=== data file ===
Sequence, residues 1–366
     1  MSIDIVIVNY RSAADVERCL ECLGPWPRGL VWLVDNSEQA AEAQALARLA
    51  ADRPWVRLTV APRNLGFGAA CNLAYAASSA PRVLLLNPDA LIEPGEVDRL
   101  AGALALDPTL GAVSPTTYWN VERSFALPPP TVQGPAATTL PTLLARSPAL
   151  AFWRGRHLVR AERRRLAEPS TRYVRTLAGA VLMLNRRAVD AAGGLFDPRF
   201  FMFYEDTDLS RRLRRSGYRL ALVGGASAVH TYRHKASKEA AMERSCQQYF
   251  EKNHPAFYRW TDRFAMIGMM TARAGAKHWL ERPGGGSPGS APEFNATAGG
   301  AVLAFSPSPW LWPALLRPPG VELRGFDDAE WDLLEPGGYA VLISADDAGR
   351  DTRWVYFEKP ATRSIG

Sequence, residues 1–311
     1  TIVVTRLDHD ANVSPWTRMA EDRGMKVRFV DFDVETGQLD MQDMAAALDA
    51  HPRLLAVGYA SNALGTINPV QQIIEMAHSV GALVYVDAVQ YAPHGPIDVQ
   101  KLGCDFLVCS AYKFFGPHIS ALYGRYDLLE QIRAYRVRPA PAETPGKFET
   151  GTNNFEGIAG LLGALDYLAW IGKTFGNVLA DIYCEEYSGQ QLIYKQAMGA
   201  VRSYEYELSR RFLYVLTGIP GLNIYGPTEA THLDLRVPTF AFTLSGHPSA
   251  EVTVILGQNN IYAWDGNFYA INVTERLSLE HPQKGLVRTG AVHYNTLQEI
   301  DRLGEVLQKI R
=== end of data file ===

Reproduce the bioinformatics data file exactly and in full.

Sequence, residues 1–366
     1  MSIDIVIVNY RSAADVERCL ECLGPWPRGL VWLVDNSEQA AEAQALARLA
    51  ADRPWVRLTV APRNLGFGAA CNLAYAASSA PRVLLLNPDA LIEPGEVDRL
   101  AGALALDPTL GAVSPTTYWN VERSFALPPP TVQGPAATTL PTLLARSPAL
   151  AFWRGRHLVR AERRRLAEPS TRYVRTLAGA VLMLNRRAVD AAGGLFDPRF
   201  FMFYEDTDLS RRLRRSGYRL ALVGGASAVH TYRHKASKEA AMERSCQQYF
   251  EKNHPAFYRW TDRFAMIGMM TARAGAKHWL ERPGGGSPGS APEFNATAGG
   301  AVLAFSPSPW LWPALLRPPG VELRGFDDAE WDLLEPGGYA VLISADDAGR
   351  DTRWVYFEKP ATRSIG

Sequence, residues 1–311
     1  TIVVTRLDHD ANVSPWTRMA EDRGMKVRFV DFDVETGQLD MQDMAAALDA
    51  HPRLLAVGYA SNALGTINPV QQIIEMAHSV GALVYVDAVQ YAPHGPIDVQ
   101  KLGCDFLVCS AYKFFGPHIS ALYGRYDLLE QIRAYRVRPA PAETPGKFET
   151  GTNNFEGIAG LLGALDYLAW IGKTFGNVLA DIYCEEYSGQ QLIYKQAMGA
   201  VRSYEYELSR RFLYVLTGIP GLNIYGPTEA THLDLRVPTF AFTLSGHPSA
   251  EVTVILGQNN IYAWDGNFYA INVTERLSLE HPQKGLVRTG AVHYNTLQEI
   301  DRLGEVLQKI R